CASA of Travis County's Teen Advocacy and Permanency Project (TAPP) provides youth at risk of aging out of the foster care system with a greater ability to achieve success as independent, healthy adults. Without intervention, studies have shown that youth who age out of care have a high likelihood of homelessness, incarceration and poverty in their adult lives. Through specialized advocacy in the areas of education, preparation and healthy connections, TAPP works to combat these trends for youth who often have fewer placement options and may require a high level of care.
TAPP focuses on seeking placement for youth or helping them access extended foster care services, in which certain foster youth turning 18 in CPS care can remain in foster placement and services to ease their transition to independence. At the same time, the program works to address the specific needs of youth and helping to reduce specific harmful behaviors by establishing positive goals and directions for their future. TAPP volunteers and staff focus on building a network of healthy connections to be a support for youth, on connecting them to resources, and on teaching life skills that will empower them to find success in adulthood.
With its Trauma-Informed Advocacy program, CASA of Travis County is focused, in all facets of its work, on helping to improve the foster care system for children who have experienced trauma. This includes the trauma of abuse or neglect, the trauma of being removed from their home by CPS, and the trauma of many other potentially harmful experiences in their young lives. For children whose exposure to trauma overwhelms their ability to cope with what they have experienced, CASA is working to support their individual needs to help them heal.
CASA has learned from the Karyn Purvis Institute of Child Development at Texas Christian University to use the Trust-Based Relational Intervention (TBRI), a research-based therapeutic model for children who have experienced trauma, in our advocacy for children from hard places. The majority of CASA's program staff and many of its volunteers are trained in TBRI principles and practices. This training allows them to make the most informed decisions for children who have experienced trauma.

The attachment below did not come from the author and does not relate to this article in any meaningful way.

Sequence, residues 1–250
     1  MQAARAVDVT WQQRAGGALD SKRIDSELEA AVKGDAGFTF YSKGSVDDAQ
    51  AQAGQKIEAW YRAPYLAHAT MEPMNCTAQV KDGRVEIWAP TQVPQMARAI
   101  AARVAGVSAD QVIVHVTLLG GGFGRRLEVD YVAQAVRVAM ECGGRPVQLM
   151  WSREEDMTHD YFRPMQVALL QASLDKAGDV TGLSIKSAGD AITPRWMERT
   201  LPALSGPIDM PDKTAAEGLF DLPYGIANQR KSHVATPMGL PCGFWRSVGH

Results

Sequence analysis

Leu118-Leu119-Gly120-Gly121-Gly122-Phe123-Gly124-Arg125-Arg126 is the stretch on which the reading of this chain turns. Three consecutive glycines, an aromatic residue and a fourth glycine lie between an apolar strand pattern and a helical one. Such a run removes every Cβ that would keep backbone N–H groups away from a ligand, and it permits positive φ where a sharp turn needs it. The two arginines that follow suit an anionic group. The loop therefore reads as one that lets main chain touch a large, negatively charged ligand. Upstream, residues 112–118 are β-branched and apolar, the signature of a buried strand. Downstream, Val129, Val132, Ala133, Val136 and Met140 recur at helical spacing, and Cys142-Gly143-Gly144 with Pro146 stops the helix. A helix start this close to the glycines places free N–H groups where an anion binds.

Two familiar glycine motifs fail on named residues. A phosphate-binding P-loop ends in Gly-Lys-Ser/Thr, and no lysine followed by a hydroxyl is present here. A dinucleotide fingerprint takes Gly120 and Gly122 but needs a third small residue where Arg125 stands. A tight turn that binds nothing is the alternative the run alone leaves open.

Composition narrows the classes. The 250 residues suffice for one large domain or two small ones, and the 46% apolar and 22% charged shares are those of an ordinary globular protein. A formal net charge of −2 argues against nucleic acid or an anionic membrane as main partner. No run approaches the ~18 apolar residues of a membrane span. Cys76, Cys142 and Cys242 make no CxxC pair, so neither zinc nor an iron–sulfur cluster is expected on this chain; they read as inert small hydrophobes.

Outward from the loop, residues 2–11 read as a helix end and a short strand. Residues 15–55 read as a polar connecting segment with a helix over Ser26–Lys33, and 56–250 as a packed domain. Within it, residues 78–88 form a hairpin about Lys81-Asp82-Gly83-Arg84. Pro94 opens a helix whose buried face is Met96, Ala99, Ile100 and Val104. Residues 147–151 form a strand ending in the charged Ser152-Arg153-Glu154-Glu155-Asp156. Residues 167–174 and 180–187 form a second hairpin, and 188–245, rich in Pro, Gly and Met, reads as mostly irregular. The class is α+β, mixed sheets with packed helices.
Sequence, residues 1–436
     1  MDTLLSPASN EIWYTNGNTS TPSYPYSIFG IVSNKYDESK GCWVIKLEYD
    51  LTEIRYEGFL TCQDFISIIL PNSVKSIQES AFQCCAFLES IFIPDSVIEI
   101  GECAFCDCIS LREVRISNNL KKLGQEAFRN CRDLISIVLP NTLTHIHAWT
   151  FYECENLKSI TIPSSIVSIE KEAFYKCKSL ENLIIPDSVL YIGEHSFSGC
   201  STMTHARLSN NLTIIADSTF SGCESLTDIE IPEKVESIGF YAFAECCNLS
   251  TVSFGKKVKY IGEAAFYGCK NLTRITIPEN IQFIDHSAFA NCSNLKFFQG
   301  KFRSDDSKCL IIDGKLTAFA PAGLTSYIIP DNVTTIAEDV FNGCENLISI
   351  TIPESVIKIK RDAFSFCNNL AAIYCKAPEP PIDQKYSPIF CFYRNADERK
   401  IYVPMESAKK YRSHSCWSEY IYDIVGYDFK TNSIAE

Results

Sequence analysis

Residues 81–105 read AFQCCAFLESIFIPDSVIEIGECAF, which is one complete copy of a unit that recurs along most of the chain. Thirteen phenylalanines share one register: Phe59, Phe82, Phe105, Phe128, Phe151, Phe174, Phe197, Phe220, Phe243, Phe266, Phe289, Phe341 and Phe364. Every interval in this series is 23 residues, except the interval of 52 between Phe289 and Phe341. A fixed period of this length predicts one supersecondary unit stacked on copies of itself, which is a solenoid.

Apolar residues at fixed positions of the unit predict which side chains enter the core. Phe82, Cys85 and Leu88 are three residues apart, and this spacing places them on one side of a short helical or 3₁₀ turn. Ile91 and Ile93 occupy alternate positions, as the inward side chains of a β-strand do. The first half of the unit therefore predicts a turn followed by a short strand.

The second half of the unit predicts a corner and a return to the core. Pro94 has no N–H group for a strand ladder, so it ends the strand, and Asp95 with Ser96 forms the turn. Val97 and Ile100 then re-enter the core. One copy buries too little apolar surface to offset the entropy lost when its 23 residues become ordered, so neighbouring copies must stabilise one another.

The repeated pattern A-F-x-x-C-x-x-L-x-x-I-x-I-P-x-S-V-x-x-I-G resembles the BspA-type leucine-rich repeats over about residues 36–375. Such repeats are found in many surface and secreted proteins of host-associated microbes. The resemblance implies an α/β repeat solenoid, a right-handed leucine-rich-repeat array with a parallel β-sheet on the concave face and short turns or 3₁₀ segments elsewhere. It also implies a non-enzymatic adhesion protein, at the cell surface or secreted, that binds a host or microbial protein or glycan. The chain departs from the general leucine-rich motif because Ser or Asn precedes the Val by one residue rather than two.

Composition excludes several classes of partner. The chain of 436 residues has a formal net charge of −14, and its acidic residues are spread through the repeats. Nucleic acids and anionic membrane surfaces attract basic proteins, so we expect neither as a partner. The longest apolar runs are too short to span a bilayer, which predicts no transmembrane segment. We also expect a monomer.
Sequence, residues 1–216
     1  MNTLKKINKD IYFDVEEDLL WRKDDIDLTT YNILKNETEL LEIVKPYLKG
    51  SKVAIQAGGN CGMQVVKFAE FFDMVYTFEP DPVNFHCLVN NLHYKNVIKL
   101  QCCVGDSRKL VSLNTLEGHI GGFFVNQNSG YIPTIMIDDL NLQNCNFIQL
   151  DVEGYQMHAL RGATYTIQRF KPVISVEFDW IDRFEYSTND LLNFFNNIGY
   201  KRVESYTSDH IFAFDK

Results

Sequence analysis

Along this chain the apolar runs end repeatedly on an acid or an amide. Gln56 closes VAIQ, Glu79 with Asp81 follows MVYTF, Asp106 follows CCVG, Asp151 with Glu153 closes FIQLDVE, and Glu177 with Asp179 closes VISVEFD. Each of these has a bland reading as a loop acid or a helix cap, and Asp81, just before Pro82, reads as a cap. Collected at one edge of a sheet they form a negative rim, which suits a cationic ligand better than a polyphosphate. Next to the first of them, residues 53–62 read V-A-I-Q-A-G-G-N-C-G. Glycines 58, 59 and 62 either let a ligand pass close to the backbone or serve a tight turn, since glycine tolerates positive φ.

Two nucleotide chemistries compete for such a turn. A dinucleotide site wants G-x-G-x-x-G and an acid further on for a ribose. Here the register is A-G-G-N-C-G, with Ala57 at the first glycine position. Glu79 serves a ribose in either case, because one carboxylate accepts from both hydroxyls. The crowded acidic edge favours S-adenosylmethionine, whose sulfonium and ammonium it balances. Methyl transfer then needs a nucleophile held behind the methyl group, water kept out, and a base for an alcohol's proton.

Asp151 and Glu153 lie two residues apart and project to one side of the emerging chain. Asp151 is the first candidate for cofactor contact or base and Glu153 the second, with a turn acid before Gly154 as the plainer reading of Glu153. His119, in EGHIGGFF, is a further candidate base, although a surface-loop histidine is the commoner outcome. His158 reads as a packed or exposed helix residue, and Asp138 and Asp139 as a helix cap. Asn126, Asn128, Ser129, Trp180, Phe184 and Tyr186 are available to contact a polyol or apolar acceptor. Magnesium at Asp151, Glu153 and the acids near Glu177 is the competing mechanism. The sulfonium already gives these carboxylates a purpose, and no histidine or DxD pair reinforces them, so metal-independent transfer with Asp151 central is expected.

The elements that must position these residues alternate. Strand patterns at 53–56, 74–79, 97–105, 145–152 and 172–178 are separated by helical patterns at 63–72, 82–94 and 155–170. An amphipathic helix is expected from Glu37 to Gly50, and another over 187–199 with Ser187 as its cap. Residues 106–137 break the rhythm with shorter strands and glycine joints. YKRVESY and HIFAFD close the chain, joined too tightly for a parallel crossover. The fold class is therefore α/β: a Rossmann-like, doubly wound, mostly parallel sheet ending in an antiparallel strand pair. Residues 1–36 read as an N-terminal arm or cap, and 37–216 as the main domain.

Additionally, CASA is a founding member of the Travis County Collaborative for Children (TCCC) and CASA's Executive Director and Chief Program Officer serve on its Steering Committee. The goal of the TCCC is to accelerate healing and speed to permanency for children in foster care based upon proven principles and practices of trauma-informed care. By being part of the TCCC, CASA helps to ensure that more child welfare professionals, teachers and service providers who work with children in the foster system are equipped with the tools and techniques that help children heal.
A team of dedicated CASA staff has continued working to provide periodic trainings to CASA volunteers so that they are better able to articulate the needs of children who have experienced trauma to judges, caregivers and placements. As a result of this focus, the children CASA serves will have people around them who understand and respond appropriately to the impacts of trauma.
Understanding that connection to family can be a critical component to successful outcomes for children in care, CASA of Travis County began the Family Finding program to rebuild lasting family connections for the children we serve. Often extended family members are unaware a child is in foster care, especially if they are out of touch with the child's family. Family Finding’s overarching goal is to help children achieve permanency faster, preferably with relatives, and, even if permanency is not achieved, to give children an understanding of their heritage and supportive adults in their lives who are related to them.
Through detailed mining of case records and extensive research, Family Finding volunteers identify and locate relatives and fictive kin that have become disconnected from children in care. By reengaging these family members, Family Finding volunteers can position them as resources in a child’s life, building healthy connections where youth may otherwise have been isolated.
Knowing that children are more likely to end up with family if relatives are engaged early as connections and placements, CASA of Travis County started the Early Family Engagement (EFE) program. EFE utilizes CASA volunteers as the first point of contact for children and families in the days immediately following commencement of a CPS case. The EFE team serves as the primary entry point for all new cases, dispatching trained volunteers to conduct in-depth interviews with children and relatives in order to evaluate a child’s specific needs and to build relationships that will serve as the foundation for a productive case.